Ruth’s mem­oir about her time in Sawyward, BC in the 1940s. The paint­ing on the cov­er is her work.

In her mid-to late nineties, Ruth’s nor­mal routine was to paint one week and write the next. One wall of her spare bed­room con­tained a table and paint­ing sup­plies, while the oth­er was set up for her lit­er­ary endeavours.

Despite health chal­lenges in her later years, Ruth ac­cep­ted a com­mis­sion to cre­ate a two-metre paint­ing of a great white shark. She also par­ti­cip­ated in an hour-long Port Townsend, Washington ra­dio pro­gram shar­ing the story of how, as a young moth­er, she shot at a cou­gar sneak­ing up on her baby’s car­riage. And, when a rat made a brief ap­pear­ance in her apart­ment, she in­cor­por­ated a much cuter ver­sion of the un­wel­come guest in a baby sweat­er she knit­ted to cel­eb­rate the birth of a great-grandchild.

Despite our age dif­fer­ence, my in­ter­view with Ruth evolved into many emails, phone calls and vis­its over tea and cook­ies. She was a lively, en­ter­tain­ing com­pan­ion and will al­ways be an in­spir­a­tion to me on how to re­main curi­ous, en­gaged and cre­at­ive through­out life.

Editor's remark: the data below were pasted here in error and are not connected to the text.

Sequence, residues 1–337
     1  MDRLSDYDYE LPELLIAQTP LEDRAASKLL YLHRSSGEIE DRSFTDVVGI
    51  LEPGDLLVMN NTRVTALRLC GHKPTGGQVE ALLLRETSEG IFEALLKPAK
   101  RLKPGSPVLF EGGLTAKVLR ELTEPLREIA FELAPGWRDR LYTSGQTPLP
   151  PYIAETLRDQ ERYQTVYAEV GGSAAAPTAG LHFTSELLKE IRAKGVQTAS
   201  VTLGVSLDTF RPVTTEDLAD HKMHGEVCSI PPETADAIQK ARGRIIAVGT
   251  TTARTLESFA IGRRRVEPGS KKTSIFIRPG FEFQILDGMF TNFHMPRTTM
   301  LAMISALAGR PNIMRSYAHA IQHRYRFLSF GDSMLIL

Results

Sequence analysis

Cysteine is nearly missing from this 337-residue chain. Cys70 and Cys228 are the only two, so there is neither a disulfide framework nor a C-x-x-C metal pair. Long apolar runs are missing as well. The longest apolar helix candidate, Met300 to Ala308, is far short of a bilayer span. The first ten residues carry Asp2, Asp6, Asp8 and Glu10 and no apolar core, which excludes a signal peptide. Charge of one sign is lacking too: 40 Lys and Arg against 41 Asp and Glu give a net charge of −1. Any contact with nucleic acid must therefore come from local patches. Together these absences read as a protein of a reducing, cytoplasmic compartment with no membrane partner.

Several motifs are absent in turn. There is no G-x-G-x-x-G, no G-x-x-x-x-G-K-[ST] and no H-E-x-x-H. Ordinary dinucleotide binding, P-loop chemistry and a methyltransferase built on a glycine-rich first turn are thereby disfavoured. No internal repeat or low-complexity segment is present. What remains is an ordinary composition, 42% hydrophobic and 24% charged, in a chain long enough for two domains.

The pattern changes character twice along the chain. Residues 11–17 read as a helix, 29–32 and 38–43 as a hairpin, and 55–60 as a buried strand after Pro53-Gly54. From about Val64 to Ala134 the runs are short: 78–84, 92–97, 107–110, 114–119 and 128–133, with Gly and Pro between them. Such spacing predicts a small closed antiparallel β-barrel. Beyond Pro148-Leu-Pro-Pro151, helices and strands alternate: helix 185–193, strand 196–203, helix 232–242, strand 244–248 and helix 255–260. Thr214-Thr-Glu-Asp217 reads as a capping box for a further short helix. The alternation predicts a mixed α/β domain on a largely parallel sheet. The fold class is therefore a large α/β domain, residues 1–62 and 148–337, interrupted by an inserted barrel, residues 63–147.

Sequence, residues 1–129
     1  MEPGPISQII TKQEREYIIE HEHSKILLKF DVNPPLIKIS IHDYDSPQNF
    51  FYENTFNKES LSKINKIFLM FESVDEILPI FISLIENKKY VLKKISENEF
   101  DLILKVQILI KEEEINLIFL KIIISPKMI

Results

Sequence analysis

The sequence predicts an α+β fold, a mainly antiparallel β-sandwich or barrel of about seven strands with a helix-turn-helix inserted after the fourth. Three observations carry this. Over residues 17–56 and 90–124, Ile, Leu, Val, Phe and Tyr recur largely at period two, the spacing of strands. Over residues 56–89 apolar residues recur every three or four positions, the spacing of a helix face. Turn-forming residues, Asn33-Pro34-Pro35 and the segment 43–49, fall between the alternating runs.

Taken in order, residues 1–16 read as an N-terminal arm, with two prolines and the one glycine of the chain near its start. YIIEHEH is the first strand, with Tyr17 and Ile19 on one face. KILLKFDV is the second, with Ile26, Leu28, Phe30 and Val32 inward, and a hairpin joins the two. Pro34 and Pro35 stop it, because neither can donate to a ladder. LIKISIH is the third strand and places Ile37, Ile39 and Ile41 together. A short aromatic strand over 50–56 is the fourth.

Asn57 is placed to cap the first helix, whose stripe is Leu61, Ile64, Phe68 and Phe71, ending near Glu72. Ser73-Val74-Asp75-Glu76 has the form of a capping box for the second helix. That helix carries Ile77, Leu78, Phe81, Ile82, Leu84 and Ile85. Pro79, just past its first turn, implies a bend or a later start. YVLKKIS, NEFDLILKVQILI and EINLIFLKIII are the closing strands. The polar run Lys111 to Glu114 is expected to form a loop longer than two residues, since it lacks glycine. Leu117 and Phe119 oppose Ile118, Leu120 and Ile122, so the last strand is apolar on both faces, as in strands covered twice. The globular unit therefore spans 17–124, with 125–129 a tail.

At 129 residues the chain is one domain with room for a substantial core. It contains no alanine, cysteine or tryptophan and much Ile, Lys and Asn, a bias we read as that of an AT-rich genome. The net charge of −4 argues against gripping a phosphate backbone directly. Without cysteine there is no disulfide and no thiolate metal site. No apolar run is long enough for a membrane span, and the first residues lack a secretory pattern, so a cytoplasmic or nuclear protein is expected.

Ruth passed away in Courtenay, BC on March 12, 2021 at age 102. Wherever her spir­it has gone, I’m sure a paint­brush, note­book and com­puter are close at hand.

When You’re 97 is a col­lec­tion of hu­mor­ous draw­ings and com­ments Ruth cre­ated as a light­hearted look at the chal­lenges of grow­ing old.

Lighting up the dark…

2020 turned into a weird blip in the 21st cen­tury, where life as we know it, took an ab­rupt and life-chan­ging shift. For many, it has been marked by fear, bore­dom and frustration.

And now it’s the shortest, darkest day of the year. Winter Solstice, the of­fi­cial be­gin­ning of winter. What could be more bleak than that?

But when I look out­side, I can’t help but smile. My neigh­bor­hood and many oth­ers are ablaze with col­our­ful lights and dis­plays. The hol­i­day sparkle began  early this year. I be­lieve it’s hu­man­kinds way of light­ing up the dark in the midst of a glob­al pandemic.